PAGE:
Ever since I read about Moskin v. Severson in Wednesday's Times, I've been thinking about gingerbread. I'm on a constant quest for the perfect recipe. I like gingerbreads that are dark and molassesy but not bitter, with the perfect blend of sweetness and spice. And, of course, they must be distinctly gingery, so in general I've come to the conclusion that I prefer recipes that include fresh ginger root. This also helps the cake taste brighter; sometimes cakes like these which rely so fully on pantry staples and dried spices can taste dusty and muted.
In years past the main recipe I've turned to was from a family cookbook, which contained loads of fresh ginger. It's very good, but sometimes the stringiness of the ginger root bugged me a bit, and I can't forget that one time I served it to a guest who seemed to find it distasteful. I suspect that some sloppily-grated ginger reminded him of clumps of hair, which is what it sort of reminded me of, when I really thought about it.
Since this past Thanksgiving I've been making a gingerbread pear cake from Gourmet, which has turned out successfully a number of times. I don't use as much fresh ginger as it calls for, in part due to a fear of my terrifyingly sharp box grater which has drawn blood on more than one occasion. But also, the consensus of my test audience (mother, sister, husband) was that it was in fact too gingery. This recipe also felt a bit weighed down by the fruit, and ultimately I decided that I don't like stuff in gingerbread, or cakes in general, for that matter. I find I'm always trying to eat around the debris to get to the cake.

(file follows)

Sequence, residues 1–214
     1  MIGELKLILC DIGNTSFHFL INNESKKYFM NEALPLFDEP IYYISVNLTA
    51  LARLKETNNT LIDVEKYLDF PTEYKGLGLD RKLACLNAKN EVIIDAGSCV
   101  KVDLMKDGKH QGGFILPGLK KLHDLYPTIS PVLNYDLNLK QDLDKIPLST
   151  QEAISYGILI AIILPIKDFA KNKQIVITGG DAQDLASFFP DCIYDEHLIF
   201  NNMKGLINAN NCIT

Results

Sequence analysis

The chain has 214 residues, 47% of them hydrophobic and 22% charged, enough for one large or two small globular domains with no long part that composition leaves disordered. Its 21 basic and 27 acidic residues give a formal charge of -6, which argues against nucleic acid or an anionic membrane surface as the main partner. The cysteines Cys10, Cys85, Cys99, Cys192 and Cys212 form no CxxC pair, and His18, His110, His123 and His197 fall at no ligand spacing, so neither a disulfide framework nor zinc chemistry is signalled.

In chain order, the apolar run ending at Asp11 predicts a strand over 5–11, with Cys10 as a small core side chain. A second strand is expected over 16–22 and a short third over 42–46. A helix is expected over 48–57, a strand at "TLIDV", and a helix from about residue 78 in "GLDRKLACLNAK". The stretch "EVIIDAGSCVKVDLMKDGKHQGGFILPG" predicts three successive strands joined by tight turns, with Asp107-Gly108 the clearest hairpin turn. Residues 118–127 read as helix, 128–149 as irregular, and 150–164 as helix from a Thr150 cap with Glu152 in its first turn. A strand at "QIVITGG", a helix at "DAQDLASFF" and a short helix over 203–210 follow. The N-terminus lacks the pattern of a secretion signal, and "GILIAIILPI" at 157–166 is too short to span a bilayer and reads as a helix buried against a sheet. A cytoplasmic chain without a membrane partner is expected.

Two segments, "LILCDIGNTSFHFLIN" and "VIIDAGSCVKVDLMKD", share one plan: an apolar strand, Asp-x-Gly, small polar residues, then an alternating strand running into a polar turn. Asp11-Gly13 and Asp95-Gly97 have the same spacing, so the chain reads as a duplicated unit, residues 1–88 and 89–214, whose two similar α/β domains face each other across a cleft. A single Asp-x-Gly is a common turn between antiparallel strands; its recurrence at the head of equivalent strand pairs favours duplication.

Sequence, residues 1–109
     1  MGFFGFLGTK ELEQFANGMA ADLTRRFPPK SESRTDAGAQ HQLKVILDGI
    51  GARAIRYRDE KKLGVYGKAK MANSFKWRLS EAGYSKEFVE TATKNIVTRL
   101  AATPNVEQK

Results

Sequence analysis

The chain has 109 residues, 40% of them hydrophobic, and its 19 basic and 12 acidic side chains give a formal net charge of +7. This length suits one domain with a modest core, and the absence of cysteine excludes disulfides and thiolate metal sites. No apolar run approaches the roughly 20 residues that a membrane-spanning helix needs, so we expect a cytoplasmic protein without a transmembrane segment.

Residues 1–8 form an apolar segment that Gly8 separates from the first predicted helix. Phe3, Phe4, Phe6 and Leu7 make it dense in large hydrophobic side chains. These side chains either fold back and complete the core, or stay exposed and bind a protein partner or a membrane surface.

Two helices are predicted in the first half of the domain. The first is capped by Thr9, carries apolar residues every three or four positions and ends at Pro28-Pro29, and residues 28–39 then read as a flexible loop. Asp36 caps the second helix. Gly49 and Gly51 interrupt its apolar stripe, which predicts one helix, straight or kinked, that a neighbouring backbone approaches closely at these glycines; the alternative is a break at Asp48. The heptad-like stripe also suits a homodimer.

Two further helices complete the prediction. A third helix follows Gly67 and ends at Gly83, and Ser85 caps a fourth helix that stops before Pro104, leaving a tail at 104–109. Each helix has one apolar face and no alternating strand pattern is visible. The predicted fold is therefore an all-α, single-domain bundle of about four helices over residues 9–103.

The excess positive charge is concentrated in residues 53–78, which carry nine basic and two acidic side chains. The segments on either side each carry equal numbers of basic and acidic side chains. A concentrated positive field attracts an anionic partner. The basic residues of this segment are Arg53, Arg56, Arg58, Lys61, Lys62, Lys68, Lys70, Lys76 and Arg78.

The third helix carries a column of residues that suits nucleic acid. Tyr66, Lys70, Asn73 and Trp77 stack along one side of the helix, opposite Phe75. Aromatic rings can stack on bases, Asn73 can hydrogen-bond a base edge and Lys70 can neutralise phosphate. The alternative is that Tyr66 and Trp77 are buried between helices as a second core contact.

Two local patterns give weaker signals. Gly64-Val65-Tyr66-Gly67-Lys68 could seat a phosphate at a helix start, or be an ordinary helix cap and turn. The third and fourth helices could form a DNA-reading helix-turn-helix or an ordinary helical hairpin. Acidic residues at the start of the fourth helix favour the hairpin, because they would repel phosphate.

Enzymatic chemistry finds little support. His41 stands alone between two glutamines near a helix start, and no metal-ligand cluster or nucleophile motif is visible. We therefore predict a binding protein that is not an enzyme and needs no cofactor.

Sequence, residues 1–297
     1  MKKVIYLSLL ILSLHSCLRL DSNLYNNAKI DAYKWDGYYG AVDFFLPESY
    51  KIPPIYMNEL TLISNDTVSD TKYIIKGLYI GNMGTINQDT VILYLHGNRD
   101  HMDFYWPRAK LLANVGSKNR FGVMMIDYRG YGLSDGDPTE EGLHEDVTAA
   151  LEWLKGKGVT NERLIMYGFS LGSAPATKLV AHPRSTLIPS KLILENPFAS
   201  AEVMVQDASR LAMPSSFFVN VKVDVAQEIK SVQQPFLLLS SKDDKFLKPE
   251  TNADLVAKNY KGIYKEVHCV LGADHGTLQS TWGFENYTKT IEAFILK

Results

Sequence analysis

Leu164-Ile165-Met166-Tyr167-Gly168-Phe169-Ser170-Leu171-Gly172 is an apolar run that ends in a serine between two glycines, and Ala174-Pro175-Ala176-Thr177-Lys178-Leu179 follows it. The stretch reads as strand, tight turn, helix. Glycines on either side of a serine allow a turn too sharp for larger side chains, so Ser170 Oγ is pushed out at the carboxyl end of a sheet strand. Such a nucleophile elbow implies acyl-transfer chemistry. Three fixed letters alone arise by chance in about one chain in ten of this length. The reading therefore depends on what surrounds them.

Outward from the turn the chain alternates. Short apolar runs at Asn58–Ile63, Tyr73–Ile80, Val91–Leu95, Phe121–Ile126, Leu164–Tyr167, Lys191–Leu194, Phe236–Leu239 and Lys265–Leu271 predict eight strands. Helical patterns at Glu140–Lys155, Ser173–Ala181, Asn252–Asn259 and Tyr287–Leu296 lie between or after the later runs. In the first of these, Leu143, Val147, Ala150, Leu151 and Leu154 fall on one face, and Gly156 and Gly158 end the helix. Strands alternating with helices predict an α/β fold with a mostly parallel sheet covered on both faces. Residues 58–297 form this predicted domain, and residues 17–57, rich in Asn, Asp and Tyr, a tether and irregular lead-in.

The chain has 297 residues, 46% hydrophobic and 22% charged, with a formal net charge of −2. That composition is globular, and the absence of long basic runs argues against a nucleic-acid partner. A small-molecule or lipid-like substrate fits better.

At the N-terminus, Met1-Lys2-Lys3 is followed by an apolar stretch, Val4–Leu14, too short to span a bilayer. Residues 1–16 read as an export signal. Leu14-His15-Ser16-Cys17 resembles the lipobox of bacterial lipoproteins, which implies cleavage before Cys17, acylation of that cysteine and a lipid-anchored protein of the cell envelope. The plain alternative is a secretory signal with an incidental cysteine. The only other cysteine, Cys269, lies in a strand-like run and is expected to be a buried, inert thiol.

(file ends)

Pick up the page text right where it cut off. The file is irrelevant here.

So I thought I would try this one, which contained no fresh ginger and no fruit. I felt optimistic that it might be the quick, simple, deeply-flavored gingery cake I've been searching for.
Unfortunately, this recipe was a complete dud. I'm not an expert, but I'm a good baker, and this recipe just fell flat. For one, it called for no sugar. As I was assembling the cake, I knew this could turn out to be its fatal flaw, but I like to do recipes by the book, at least the first time around. The second and very significant problem with this cake is that as I was whisking the water and melted butter into the dry ingredients, the butter completely seized up and the batter turned rapidly into an unruly, thick paste. At various points I had to push the dough through the whisk, as it was started to form a giant ball inside the wire strands. Nevertheless, being the rule follower I am, I persevered, whisking in the beaten eggs and molasses (yes, this seemed wrong to me that the eggs would be incorporated so late in the game), trying my best to whisk until the batter was smooth and lumpless, while worrying increasingly that my poor cake would turn out tough from overmixing.
Finally I scraped the hideous brown batter into a pan, stuck it in the oven, and hoped for the best.
Sadly, the cake was everything I hoped it wouldn't be, except for tough. It actually turned out with an odd, soft, and almost spongey consistency (which Kim Severson did allude to, so this is no fault of the recipe), with pale, unappetizing, pea-sized clumps of flour and butter running neatly through it. The cake was also very bitter--I should have trusted my instinct and added some brown sugar. And, perhaps worst of all, it didn't really taste like gingerbread. The miniscule amount of ground ginger --even good Penzey's ginger--failed to fight beyond the oppressiveness of the molasses.
Like most desserts, this one was partially remedied by Hagen Daz vanilla bean ice cream, and it was certainly to my advantage that we were consuming the cake while watching the next-to-last episode of "Dexter"--conversation of any topic was completely halted. Also, the lighting was dim. So, the poor quality of the cake was thankfully muffled a bit by external circumstances. Anyhow, I'm back to square one on the recipe front. But next time, I've got some ideas for my own recipe--it's about time I got braver on the baking front.